put forward to justify the existence of a Billy Collins or Deborah Garrison or
Sophie Hannah or Wendy Cope. Clearly, none of the Creeps are involved in
anything remotely that creepy.
The problem – which in fact
is the question of community itself – of belonging, as such, cannot escape history.
History teaches what history teaches, which includes the inescapable detail
that even as these genres were already subdividing amoeba-like nine centuries ago, the arrival of
post-12th century modes of story telling, ranging from the novel to
cinema to reality TV, have occupied – for good reason – the social space
previously taken up by trobar leu. In fact, if one looks to those contemporary
societies in which poetry has occupied something akin to a truly popular genre,
such as late-Stalinist Soviet Russia or the remoter districts of Yemen, there are inevitably & always specific historic
circumstances that have thwarted or diverted the narrative genres that absorb
these spaces in the post-industrial West. We don’t need Homer precisely because
we already have Homer Simpson.
If Stefans was, as I
suspect, doing some creative mischief-making for the institutional context of Poets & Writers, Mohammad attempts
to spin this rather wispy daydream into a far more formidable theoretic
construction. Mohammad asks:
So how does Creep turn away
from a community-based poetics? Only to
the extent that it rejects the notion of a safe enclave, a privileged
brotherhood of artistry in which the problems of the outside world are, after
all, outside, and at least there’s that.
It does this by raising the quixotic possibility of intercourse between
experimental poetry and mainstream culture . . . .
Mohammad’s evidence for
this, which goes on for a couple of pages, is entirely a list of literary
devices associated with language poetry. This suggests that an important part
of literary formation is, or at least might be, creative amnesia – and on this
question I’d probably concur, noting how Robert Grenier’s great “break” with
speech in 1970 was directed precisely toward the poetics toward which he felt
himself most deeply attracted. Three decades hence, langpo finds itself drawn
into this same quandary of being configured as an impediment rather than a
foundation even as the evidence duly displayed directly contradicts the charge.
Plus ça change. . . .
Perhaps the most problematic
part of Mohammad’s construction is that he pulls back from it at the end, not
unlike Chaucer’s deathbed apology:
exactly what I find attractive about Stefans’ Creep (anti-) aesthetic: it’s a
movement that is formed within the mind of the reader, not the designs of a
self-articulated community. Stefans’ apprehension of Creepiness comes from his
own Creepy imagination, his own desire to oversee a troupe of invisible,
flea-like verbal acrobats.
Now there’s an attractive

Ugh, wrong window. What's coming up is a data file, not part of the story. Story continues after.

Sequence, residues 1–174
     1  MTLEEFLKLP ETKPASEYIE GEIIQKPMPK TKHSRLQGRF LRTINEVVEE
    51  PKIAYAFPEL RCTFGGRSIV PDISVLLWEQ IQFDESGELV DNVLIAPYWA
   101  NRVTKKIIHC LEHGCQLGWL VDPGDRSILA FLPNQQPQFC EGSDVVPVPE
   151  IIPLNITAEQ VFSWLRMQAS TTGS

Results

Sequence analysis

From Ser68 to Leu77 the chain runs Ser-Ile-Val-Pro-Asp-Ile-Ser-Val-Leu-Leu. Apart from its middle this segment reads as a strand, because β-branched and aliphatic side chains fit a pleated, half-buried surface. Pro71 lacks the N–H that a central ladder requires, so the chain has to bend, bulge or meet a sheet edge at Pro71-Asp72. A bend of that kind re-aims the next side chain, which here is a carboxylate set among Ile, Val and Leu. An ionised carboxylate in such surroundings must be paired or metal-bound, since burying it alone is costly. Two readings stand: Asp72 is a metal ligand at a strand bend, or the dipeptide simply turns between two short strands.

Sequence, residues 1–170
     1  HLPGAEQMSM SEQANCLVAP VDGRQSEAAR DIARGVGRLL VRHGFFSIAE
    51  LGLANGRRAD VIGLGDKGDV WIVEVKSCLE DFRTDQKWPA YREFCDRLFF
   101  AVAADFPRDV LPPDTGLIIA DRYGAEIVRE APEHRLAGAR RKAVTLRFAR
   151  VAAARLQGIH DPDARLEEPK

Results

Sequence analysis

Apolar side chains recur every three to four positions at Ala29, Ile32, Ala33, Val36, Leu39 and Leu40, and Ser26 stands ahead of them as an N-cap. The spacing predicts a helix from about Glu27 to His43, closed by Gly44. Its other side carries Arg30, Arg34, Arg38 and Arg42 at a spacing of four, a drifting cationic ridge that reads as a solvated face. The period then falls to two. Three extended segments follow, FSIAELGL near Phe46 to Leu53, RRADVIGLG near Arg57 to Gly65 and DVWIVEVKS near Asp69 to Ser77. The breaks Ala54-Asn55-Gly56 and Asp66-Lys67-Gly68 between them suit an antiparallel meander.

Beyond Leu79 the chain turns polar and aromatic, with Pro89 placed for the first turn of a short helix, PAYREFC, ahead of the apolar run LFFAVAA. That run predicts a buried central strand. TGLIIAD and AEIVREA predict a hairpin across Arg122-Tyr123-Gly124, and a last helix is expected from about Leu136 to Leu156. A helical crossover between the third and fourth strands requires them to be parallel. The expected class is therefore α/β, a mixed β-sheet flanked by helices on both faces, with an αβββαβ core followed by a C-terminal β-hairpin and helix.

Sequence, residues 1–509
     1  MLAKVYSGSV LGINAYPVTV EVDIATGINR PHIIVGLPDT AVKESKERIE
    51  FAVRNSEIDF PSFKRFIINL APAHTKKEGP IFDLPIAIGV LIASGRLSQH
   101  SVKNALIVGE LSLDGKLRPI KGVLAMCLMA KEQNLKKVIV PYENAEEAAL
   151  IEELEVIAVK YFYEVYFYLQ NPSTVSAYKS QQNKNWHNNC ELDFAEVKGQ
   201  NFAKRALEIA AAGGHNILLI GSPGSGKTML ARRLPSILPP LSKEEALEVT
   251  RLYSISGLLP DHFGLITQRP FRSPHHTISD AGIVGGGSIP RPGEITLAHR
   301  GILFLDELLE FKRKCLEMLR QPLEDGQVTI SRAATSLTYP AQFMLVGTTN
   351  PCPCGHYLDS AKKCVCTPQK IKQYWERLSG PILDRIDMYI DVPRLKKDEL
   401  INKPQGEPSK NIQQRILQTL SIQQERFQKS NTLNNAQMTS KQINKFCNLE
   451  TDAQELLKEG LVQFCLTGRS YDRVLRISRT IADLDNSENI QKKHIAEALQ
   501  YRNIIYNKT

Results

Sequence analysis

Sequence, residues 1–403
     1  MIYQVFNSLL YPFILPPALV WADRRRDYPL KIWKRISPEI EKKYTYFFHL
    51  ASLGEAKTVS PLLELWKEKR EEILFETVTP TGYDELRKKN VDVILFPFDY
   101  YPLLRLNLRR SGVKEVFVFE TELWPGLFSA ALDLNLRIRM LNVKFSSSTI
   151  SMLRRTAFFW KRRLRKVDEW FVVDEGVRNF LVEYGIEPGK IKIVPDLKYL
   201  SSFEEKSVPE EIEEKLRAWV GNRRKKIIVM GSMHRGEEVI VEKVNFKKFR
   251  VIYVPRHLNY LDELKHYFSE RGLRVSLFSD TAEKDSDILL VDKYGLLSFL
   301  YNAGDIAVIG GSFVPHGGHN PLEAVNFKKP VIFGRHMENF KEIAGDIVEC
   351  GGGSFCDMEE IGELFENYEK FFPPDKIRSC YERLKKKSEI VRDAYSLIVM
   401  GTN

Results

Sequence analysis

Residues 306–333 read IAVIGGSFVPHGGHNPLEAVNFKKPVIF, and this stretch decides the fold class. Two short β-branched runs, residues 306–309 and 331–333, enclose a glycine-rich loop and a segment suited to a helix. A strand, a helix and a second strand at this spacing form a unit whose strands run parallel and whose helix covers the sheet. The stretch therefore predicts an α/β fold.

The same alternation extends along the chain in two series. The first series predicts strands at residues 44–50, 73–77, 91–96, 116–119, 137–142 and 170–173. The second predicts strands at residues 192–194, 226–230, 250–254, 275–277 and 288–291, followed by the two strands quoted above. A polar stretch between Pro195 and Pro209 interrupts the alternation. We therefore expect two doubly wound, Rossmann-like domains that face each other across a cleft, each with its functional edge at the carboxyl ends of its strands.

proposition! How would you like to be both invisible & flea-like? Sign me
up, Kasey! Not.
However, Mohammad is almost
certainly accurate in his next (and final) assertion:
That the poets [Stefans] names are
readily conformable to such a desire says something about their shared use of
certain techniques and their common concerns as postmodern artists, but more
about a simultaneous resistance and porousness in their work that encourages
progressive (but diverse) notions of community to be constructed from the
margins outward (inward?) – there is no Creep manifesto, only an ever-growing
passenger manifest, the names on which can be shuffled according to the needs
of an equally various and multiple collective of readerly sensibilities.
Sure sounds like Sartre’s
vision of serialization & capitalist atomization to me, a series of
infinitely substitutable parts that can be popped out of a box or anthology –
like a chess set composed entirely of pawns – and dropped into any theory one
wants. This goes right back to the suppressed lyrics of the original Radiohead
song, “I want to have control.” This is a vision of a generation of poets who
have no clue what that might feel like. And don’t understand that such “porousness”
is as much a lethal threat to themselves as it is
astronauts on the space shuttle.
To the degree that Stefans,
or Ngai or even the Apex / O•blēk gang make efforts to
challenge that porousness, their attempts, however partial & one-sided,
align them with the angels of history, for which they all deserve our thanks
& support. But to the degree that anybody imagines a community of rugged
individuals – which is what the post-community monad most certainly is – as a
possibility, these poets can only continue to ask themselves “what the hell am
I doing here?”
asks that links not be made to Third
Factory, which is why the link to Stefans’ piece goes to a linked
bibliography of Brian’s that does have an apparently authorized link.
claims, using Moxley as his “evidence,” that “Creeps . . . are not . . .
greatly concerned with epistemological issues”!?!
the test of Stefans’ claim here is, or should be, Jennifer Moxley’s poetry.
I’ve argued here before that this would be a total misreading of her work.
Labels: K. Silem Mohammad, Kim Stefans, Radiohead, tripwire